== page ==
Feds Angry at Apple, Google, for Thwarting Unauthorized Spying
The Obama administration is pretty upset by news released by two of the few American corporations that liberals usually adore – Apple and Google. What have these corporations done to incur such wrath? Apple started it with the announcement that its iPhone 6 is being released with an encrypted operating system which will likely take years for government spies to crack, and worse (for government), Apple will not retain their users’ passwords, meaning they can’t divulge user data even if subpoenaed by the federal government. After Apple’s announcement, Google revealed that it will also provide additional protection for users, by setting as the default encryption on its OS to thwart government snooping.
The wailing Cassandras roaming the halls of the CIA and FBI temples are of course prophesying of the apocalyptic destruction that will result from this development, claiming terrorist attacks are more likely now because they will not be able to tap the communications of terrorists plotting to kill us.
And while that may be theoretically true, an argument can be made that it may actually improve their capabilities because now, instead of trying to sift through the phone calls and text messages of 310 million American citizens, they will now be forced to do actual investigative work by focusing their limited resources on only those people that have shown a likelihood of being involved in terrorist activities.
The federal government is like a malignant tumor, growing and devouring everything in its path. It acquires power for the sake of power, and exerts force to protect that power. At the same time, it is a slow, dim-witted colossus, relying on its massive size and brute force to maintain compliant servitude by the masses it purports to serve. In fact, history has shown that the more ineffective it is at its stated goal (in this case, protecting Americans from terrorist attacks), the more that incompetence is used as a justification for expanded power and growth.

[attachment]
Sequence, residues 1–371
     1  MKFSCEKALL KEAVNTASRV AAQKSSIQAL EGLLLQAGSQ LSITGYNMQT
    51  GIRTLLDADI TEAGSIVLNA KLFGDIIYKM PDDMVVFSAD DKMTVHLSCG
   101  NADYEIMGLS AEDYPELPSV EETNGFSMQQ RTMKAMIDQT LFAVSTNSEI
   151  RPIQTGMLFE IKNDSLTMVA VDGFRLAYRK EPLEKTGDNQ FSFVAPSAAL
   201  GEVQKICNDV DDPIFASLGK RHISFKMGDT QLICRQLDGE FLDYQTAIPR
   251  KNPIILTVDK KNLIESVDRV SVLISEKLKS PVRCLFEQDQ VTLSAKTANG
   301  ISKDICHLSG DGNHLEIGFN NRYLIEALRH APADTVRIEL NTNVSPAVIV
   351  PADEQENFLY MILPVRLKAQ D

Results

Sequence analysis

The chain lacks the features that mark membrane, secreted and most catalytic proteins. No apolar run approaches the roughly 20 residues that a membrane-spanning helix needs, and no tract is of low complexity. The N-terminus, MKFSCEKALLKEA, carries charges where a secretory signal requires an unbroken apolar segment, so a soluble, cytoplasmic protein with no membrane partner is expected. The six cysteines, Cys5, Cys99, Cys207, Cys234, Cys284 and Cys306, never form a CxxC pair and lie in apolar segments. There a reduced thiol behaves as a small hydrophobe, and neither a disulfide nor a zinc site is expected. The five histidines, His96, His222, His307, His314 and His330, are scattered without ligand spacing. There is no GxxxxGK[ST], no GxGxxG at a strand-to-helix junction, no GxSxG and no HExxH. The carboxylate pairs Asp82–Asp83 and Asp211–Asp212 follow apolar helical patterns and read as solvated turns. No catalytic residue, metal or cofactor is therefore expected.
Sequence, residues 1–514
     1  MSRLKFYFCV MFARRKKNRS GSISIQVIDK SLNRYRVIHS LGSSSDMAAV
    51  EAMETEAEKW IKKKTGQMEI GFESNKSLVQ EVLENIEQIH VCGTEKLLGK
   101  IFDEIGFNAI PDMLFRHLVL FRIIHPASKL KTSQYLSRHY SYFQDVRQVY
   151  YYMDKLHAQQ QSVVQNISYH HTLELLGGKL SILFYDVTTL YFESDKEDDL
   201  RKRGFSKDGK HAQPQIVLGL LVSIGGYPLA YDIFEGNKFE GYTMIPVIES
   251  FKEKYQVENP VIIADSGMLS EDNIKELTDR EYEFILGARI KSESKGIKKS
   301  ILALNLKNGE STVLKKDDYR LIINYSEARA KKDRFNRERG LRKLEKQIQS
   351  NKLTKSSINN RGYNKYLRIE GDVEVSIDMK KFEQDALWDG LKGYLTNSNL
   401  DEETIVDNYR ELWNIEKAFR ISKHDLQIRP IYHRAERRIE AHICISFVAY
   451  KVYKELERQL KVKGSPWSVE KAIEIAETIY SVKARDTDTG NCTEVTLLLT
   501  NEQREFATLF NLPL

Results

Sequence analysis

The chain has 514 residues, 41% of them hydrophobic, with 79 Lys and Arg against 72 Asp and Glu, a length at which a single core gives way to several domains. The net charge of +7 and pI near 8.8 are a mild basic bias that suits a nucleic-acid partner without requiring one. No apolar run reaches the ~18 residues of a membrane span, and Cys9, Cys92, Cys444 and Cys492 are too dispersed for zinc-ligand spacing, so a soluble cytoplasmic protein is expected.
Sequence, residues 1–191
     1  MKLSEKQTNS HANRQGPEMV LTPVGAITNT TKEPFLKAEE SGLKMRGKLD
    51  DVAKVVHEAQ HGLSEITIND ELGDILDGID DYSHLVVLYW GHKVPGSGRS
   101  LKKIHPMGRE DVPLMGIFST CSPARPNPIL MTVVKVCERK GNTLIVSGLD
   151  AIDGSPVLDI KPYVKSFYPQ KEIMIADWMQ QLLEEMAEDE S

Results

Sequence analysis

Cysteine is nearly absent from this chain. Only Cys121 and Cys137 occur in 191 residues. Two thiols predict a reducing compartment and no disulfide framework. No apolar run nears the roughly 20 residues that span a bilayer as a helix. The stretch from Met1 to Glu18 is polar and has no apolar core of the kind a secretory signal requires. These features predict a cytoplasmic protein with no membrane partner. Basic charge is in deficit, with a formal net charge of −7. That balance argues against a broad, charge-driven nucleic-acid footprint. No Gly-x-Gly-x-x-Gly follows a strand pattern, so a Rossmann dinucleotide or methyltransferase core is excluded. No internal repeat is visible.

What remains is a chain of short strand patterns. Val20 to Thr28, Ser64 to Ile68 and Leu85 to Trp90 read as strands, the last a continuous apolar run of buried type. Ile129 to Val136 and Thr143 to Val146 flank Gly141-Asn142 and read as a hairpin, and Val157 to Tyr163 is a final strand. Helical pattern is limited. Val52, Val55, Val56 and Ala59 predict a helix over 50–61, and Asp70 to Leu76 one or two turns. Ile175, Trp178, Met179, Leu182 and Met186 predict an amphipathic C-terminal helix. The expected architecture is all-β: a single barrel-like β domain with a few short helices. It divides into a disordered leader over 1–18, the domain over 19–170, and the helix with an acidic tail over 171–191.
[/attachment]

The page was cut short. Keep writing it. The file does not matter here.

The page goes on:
Private companies have no such luxury. They must provide goods and services to their customers at value and price points for which customers are willing to part with their hard-earned money (or what is left of it after the gaping maw of the federal leviathan devours its portion). So it should come as no surprise that even companies that have in other areas climbed into bed with government when it benefits them, these corporate prostitutes now act in their own self-interest to maintain the revenue they need from millions of customers.
The impetus for these changes was the revelation last year by Edward Snowden of the breadth and depth of the programs run by our government to spy on its own citizens – ALL of its citizens – even without a warrant. Such programs are a blatant violation of the 4th Amendment protections for us to be secure in our “persons, houses, papers, and effects, against unreasonable searches and seizures”, without a warrant “particularly (specifically detailed) describing the places to be searched, and the persons or things to be seized.” They also violate the 5th Amendment protections against self-incrimination by opening up to government spies, without a warrant, our most personal thoughts and actions.
The fact is that only a tiny fraction of the massive data collected and retained by the federal government is actually used by intelligence and law enforcement agencies, yet with so much of our lives documented through our digital communications, anyone with access and a nefarious motive can see the most intimate and personal aspects of our existence.
This was evident when reports were leaked that some NSA officials with access to the data had used that access to spy on ex-spouses and lovers. Further investigation of NSA practices revealed that the agency routinely violated statutory law and constitutional protections in the process of collecting this personal information, an average of several thousand times a year.